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12/4/2013
01:41 PM
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Bitcoin Password Grab Disguised As DDoS Attack

Attacks against bitcoin users continue, as online forum Bitcointalk.org warns users their passwords might have been stolen in distributed denial of service hack.

Aficionados of the cryptographic currency known as Bitcoin might have gotten more than they bargained for recently, after a distributed denial-of-service (DDoS) attack appeared to be used as a smokescreen for launching a password-stealing attack against users of Bitcointalk.org.

Michael Marquardt (a.k.a. "Theymos"), one of the administrators of the popular bitcoin discussion forum, Sunday warned its 176,584 members of the attack. He said the attack had been traced to a flaw in the systems of domain registration firm AnonymousSpeech, which specializes in anonymous email, as well as running hosting servers outside the United States and the European Union. Attackers hacked AnonymousSpeech to change the bitcoin discussion forum's DNS settings to an attacker-controlled server.

According to Marquardt, the DNS redirection attack was spotted Sunday by forum manager Malmi Martti (a.k.a. Sirius), who immediately moved the domain to a different registrar. "However, such changes take about 24 hours to propagate," he warned, meaning that users remained at risk unless they logged on to the forum using its IP address, rather than trusting domain name servers to resolve to the non-malicious site.

[ Related article: Bitcoin Thefts Surge, DDoS Hackers Take Millions. ]

What was the risk to forum users? "Because the HTTPS protocol is pretty terrible, this alone could have allowed the attacker to intercept and modify encrypted forum transmissions, allowing them to see passwords sent during login, authentication cookies, [personal messages], etc.," Marquardt said. "Your password only could have been intercepted if you actually entered it while the forum was affected. I invalidated all security codes, so you're not at risk of having your account stolen if you logged in using the 'remember me' feature without actually entering your password."

In other words, anyone who logged into the forum between Sunday and Monday, and who entered a password, should assume that it was compromised by attackers.

What were the bitcoin forum attackers gunning for? The most likely explanation would be participants' usernames and passwords, which -- if reused on other sites -- might have allowed attackers to drain people's online bitcoin wallets. Likewise, attackers might have been interested in gathering email addresses of people who are interested in bitcoins to target them -- via phishing attacks -- with malware designed to find and steal bitcoins from their PCs.

Source: Casascius.com

The DNS hack and DDoS attack against Bitcointalk are just the latest exploits in a long string of attacks targeting bitcoin e-wallet services and payment systems. Last month, Denmark-based bitcoin payment processor Bitcoin Internet Payment System suffered a DDoS attack that allowed the attackers to hide their real target: online wallets storing 1,295 bitcoins, which they successfully stole. At the time, their haul was valued at nearly $1 million.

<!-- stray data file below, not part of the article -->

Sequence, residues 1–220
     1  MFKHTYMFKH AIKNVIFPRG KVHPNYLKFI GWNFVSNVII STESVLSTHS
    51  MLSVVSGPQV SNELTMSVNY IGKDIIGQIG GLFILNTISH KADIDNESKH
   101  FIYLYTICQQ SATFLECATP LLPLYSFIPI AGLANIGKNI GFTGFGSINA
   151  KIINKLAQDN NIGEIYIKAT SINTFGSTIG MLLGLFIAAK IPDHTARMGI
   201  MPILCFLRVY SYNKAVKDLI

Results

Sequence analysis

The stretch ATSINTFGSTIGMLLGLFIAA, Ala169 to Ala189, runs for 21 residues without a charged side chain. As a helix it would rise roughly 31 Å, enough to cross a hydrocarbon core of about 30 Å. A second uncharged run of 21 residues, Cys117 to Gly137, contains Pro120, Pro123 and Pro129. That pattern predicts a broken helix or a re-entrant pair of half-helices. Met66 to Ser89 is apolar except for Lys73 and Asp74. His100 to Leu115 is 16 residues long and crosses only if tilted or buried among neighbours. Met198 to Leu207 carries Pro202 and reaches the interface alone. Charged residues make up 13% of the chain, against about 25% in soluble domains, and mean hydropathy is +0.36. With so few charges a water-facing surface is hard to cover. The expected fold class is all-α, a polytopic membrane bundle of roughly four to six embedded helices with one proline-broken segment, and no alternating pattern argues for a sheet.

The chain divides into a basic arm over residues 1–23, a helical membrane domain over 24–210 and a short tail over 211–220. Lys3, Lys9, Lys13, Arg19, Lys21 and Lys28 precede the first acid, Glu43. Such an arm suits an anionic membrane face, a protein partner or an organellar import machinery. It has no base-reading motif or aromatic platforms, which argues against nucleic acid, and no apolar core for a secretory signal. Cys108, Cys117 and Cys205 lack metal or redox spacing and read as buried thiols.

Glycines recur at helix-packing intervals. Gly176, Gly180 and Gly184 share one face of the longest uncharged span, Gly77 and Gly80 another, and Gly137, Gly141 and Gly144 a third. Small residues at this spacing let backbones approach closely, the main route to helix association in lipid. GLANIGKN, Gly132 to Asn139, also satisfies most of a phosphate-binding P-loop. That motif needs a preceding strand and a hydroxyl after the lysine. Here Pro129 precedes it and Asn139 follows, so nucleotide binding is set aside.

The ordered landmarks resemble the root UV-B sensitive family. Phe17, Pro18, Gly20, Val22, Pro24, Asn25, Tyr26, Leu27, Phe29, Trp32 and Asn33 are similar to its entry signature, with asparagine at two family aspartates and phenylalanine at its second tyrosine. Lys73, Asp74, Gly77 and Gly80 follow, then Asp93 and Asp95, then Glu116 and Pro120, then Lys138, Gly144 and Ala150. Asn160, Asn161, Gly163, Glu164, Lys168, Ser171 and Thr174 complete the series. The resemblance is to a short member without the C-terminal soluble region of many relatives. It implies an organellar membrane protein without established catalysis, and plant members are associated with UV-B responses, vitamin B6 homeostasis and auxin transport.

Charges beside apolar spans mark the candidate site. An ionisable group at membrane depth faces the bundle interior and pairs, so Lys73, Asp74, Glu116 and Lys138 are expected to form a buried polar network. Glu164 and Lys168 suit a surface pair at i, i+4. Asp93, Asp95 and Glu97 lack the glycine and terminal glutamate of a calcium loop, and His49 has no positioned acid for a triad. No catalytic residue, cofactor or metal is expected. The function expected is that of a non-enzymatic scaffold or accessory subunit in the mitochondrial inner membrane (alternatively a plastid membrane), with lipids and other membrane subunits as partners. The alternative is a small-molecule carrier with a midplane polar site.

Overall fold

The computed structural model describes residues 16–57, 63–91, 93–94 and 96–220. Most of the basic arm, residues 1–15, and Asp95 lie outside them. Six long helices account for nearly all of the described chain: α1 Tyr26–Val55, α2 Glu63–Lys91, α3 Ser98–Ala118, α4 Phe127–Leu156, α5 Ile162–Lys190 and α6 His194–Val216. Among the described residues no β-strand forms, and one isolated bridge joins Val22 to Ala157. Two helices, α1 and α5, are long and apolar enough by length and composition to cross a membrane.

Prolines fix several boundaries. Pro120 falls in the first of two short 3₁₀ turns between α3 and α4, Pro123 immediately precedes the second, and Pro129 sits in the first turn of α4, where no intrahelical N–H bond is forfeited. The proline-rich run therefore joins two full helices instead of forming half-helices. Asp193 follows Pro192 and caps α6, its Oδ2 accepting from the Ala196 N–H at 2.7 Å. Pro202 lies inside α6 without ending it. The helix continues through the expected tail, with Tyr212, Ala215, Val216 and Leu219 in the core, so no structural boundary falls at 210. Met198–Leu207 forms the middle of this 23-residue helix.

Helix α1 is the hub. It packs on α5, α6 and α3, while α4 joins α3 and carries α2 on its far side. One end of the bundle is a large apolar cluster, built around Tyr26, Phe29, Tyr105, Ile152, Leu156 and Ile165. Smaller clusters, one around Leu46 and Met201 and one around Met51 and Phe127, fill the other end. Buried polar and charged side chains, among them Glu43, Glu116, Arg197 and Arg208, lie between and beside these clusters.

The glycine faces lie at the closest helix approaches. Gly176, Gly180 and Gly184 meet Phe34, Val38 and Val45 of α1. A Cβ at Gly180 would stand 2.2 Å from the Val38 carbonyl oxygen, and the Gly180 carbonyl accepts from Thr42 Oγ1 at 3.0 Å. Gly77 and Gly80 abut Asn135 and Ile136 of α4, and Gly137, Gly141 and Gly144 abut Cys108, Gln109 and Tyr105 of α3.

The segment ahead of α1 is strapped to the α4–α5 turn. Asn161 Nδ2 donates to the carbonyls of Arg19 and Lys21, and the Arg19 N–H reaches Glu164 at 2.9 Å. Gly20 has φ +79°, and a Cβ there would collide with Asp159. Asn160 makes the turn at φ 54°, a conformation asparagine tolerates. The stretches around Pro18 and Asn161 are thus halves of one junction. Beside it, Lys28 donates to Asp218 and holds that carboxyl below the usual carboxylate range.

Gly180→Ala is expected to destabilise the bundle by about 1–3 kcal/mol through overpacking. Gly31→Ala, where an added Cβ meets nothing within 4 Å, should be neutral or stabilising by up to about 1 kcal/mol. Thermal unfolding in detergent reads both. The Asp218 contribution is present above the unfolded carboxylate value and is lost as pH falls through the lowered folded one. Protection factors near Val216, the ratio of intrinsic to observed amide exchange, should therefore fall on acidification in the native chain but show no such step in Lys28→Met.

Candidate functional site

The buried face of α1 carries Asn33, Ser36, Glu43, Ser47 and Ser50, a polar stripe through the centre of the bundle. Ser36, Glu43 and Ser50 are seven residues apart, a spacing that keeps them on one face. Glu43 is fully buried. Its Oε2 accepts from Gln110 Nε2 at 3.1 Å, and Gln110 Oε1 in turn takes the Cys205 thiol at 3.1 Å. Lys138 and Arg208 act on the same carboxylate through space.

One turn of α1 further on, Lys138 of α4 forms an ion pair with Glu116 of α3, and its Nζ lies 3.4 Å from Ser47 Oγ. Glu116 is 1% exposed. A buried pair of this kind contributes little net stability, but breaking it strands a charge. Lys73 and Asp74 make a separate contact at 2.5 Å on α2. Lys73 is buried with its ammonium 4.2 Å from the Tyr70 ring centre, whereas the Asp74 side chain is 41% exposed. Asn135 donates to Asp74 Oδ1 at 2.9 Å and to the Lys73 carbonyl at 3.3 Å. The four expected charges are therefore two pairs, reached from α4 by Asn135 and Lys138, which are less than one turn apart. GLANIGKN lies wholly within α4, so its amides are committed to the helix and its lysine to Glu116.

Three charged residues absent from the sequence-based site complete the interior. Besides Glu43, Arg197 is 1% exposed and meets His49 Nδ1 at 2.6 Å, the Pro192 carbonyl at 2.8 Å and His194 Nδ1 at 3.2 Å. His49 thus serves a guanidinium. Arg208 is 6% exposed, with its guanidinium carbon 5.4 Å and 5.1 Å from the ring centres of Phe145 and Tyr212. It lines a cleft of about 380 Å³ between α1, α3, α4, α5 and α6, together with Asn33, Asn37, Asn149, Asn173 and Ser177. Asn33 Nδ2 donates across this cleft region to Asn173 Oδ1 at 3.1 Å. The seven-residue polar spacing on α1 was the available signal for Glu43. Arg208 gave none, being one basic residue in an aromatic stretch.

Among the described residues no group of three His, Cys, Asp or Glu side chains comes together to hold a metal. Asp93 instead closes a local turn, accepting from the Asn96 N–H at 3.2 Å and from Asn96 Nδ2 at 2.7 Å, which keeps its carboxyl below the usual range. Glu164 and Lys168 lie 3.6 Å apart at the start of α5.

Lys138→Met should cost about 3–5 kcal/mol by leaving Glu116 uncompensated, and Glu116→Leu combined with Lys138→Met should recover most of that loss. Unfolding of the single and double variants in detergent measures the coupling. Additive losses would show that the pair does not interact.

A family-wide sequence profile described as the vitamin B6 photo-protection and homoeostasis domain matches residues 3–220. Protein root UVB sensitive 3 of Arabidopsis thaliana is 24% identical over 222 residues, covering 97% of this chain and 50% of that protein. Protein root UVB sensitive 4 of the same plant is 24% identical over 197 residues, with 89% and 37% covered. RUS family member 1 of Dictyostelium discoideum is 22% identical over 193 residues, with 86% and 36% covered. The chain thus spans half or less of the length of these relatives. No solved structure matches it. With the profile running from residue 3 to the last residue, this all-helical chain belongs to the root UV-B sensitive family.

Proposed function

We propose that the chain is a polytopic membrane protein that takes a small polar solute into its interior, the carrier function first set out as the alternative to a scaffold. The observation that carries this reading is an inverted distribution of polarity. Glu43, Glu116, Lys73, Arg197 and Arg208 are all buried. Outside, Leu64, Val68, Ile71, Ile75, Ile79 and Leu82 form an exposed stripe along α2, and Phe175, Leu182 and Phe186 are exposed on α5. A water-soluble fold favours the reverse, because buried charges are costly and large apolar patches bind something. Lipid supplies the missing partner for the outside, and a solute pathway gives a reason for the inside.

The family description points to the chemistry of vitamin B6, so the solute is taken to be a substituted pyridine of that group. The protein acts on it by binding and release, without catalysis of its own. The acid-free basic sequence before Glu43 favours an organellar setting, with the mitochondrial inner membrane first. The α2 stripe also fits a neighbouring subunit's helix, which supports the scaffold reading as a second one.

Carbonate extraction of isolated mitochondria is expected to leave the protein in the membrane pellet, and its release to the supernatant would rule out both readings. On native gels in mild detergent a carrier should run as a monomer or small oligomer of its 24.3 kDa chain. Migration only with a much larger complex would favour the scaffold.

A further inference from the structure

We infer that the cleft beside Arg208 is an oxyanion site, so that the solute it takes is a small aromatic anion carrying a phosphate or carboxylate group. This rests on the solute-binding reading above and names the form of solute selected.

As that haul suggests, the rise in bitcoin-related attacks can be attributed to the bitcoin bubble, which has seen the value of the cryptographic currency rise from a low of $1 per bitcoin in 2011, to $1,200 per bitcoin as of Wednesday.

The rise in bitcoin's value has lead to a number of malicious attacks, as well as a rise in efforts of a different nature. Last week, for example, Malwarebytes researcher Adam Kujawa warned in a blog post that a number of free toolbars and search agents have begun including bitcoin-mining software, which can consume massive amounts of system resources, slowing PCs to a crawl.

Bitcoin mining isn't inherently suspect. In fact, it's crucial to the success of bitcoins, because it's what records the chain of bitcoin transactions. Furthermore, the bitcoin system is set up to reward -- with bitcoins -- anyone who successfully solves related cryptographic puzzles that help maintain the public bitcoin ledger known as the "block chain." But some people have begun turning PCs into nodes in their personal bitcoin-mining empire, such as online gaming company E-Sports, which was recently hit with a related $325,000 fine by the New Jersey state attorney general's office.

In the case of toolbars and search agents with built-in mining software, however, users who agree to the accompanying end-user license agreement (EULA) might be authorizing a third party to turn their PC into a bitcoin-mining platform. "So take note if your system is running especially slow or if a process is taking up massive amounts of your processing power; it might be malware or even a [potentially unwanted program] running a miner on your system," said Kujawa at Malwarebytes.

"Looks like the bad guys are adapting all of their various technical attacks and business models to the bitcoin world," CounterHack co-founder and SANS Institute hacking instructor Ed Skoudis said in a recent SANS email newsletter, responding to the Malwarebytes report. "Given the stakes for rapid money-making here, we'll surely see even more creative bitcoin-related attacks in the near future."